Throughout history, particularly in social justice movements, marginalized communities have lacked a space in which their voices are adequately validated and heard; both media outlets and the public often selectively elevate some (typically white) angry, determined voices, while leaving others (primarily Black and Brown voices) silenced and ignored.
In the current youth climate movement, there are a growing number of teens who are fighting to protect their lands from the tainted hands of capitalists and colonialists. The following activists are among the many girls and women of color who are bringing more diversity and representation into the ongoing fight against the climate crisis:
1. Isra Hirsi
Isra Hirsi is the executive director and co-founder of the U.S. Youth Climate Strike, an American youth organization that’s striking for radical action (like the creation and implementation of the Green New Deal) to combat climate change. Daughter of U.S. Rep. Ilhan Omar, Hirsi’s activism highlights how the climate crisis disproportionately impacts marginalized communities across our nation and around the world. As a Black Muslim woman, she uses her voice and platform to call out environmental racism and to advocate for more intersectionality in the climate justice movement.
“People who look like me or are in low income communities don’t get to see their voices being heard in movements like these and I want to help change that,” Hirsi wrote on Twitter.
also!! this isn’t me being jealous. i even need to recognize my own privilege when it comes to my own organizing. i’m critiquing why media chooses a white organizer from a white dominated country to lead a movement that was created by black and brown people!
— isra hirsi (@israhirsi) October 1, 2019
2. Helena Gualinga
Helena Gualinga is an activist from the Ecuadorian Amazon who has been fighting for environmental justice since she was a little kid. She is known as a leader in her home of Sarayaku and is a part of the team who, in 2018, established the Kawsak Sacha, or the Living Forest Declaration, which “proposes a legal claim to the territorial rights and the nature for all the Native Peoples of the world.” She believes world leaders should help fight the climate crisis by stopping “the fossil-fuel industry and protect[ing] indigenous people in the Amazon, because those are the people who have been protecting the world’s rainforest for a very long time now.”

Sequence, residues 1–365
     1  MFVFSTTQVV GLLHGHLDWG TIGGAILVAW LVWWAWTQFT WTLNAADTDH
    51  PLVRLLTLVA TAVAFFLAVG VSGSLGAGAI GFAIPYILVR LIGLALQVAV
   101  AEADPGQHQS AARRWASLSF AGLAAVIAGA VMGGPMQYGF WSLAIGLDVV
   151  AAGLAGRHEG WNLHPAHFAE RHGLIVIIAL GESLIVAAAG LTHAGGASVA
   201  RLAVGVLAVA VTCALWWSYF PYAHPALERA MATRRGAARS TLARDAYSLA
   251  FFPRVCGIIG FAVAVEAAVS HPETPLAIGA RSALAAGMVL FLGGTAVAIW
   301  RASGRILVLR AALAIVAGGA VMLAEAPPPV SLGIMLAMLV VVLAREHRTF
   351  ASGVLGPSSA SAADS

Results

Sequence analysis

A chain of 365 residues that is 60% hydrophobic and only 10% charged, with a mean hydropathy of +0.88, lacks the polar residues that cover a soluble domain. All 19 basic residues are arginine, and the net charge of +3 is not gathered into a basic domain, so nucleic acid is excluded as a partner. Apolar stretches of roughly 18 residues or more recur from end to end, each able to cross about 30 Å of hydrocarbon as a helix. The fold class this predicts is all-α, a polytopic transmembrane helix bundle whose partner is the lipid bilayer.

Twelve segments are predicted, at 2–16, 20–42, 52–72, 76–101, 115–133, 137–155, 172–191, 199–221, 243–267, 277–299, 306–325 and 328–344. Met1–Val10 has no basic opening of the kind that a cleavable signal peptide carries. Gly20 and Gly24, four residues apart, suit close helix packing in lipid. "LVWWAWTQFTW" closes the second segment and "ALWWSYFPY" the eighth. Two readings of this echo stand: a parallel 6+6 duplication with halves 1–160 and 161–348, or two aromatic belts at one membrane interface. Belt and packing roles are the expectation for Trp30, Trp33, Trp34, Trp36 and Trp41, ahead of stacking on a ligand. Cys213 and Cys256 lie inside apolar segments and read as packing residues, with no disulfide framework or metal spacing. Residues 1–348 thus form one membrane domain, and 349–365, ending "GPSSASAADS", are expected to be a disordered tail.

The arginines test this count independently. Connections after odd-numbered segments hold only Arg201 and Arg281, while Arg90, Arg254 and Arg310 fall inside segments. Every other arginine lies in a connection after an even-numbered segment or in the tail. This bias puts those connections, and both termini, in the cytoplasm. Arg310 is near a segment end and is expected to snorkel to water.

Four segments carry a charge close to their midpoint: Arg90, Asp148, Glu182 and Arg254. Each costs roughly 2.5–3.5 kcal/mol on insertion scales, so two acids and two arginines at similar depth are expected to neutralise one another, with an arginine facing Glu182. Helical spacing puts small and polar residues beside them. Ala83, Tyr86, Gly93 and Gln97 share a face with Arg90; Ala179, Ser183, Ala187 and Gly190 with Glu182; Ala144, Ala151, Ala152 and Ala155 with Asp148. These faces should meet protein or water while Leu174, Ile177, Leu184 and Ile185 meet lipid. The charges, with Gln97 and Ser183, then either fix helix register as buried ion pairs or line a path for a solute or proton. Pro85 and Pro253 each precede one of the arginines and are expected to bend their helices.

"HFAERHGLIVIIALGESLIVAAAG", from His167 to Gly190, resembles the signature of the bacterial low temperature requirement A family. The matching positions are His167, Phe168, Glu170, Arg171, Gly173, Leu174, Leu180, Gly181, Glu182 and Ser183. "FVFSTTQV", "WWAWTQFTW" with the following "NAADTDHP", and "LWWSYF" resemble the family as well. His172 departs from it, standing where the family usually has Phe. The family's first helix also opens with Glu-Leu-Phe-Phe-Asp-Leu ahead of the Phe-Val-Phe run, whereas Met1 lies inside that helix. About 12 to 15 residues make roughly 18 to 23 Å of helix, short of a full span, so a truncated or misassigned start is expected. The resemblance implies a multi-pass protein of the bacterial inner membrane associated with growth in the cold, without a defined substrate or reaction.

She also works with Indigenous women and children in the Amazon by using her platform to “keep people informed of what’s happening back in the Amazon” and “to be a voice for my people, what they have to say, from Ecuador.”
View this post on Instagram
INDIGENOUS BLOOD, NOT A SINGLE DROP MORE! As we are facing one of the biggest crisis in human history, climate change. Indigenous people , protectors of the amazon and preventers of further climate destruction are criminalized, persecuted and murdered for defending LIFE and BASIC HUMAN RIGHTS. STAND WITH INDIGENOUS PEOPLE! Today we took over TIMES SQUARE. #climatejustice ?: @allison_hanes
3. Autumn Peltier
Internationally known as a clean water advocate, Autumn Peltier began her activism at the age of 8 when she first learned that not all people in Canada have access to clean drinking water. Now the current Anishinabek Nation chief water commissioner (following in the footsteps of her late aunt), Peltier has spoken at more than 200 events; one event is the 2016 Assembly of First Nations gathering, where she told Prime Minister Justin Trudeau that “she was unhappy with his decisions regarding the development of pipelines in Canada.” Dubbed a “water warrior,” she continues to speak out for Indigenous people and was recently nominated for the 2019 International Children’s Peace Prize for her environmentalism.
“There are people living in third-world conditions in our first-world country,” she said. “I’m here to tell people about the importance of water, and to educate people on a cultural and spiritual level. They need to know that we need to act now.”
4. Bertine Lakjohn
Bertine Lakjohn is a climate activist from the Marshall Islands and a former chairperson for the Ted-Ed Club at UWC ISAK Japan, an international boarding school where she studied as a high school student and gave a Ted-Ed Student Talk, called “Education should not limit your success,” in 2018. She has helped in the fight against the climate crisis by facilitating a youth leadership camp that’s “focused on why leadership is important in combating climate change.” She was recently accepted into the 2019 U.N. Youth Climate Summit, which is “a platform for young leaders who are driving climate action to showcase their solutions at the United Nations, and to meaningfully engage with decision-makers on the defining issue of our time.”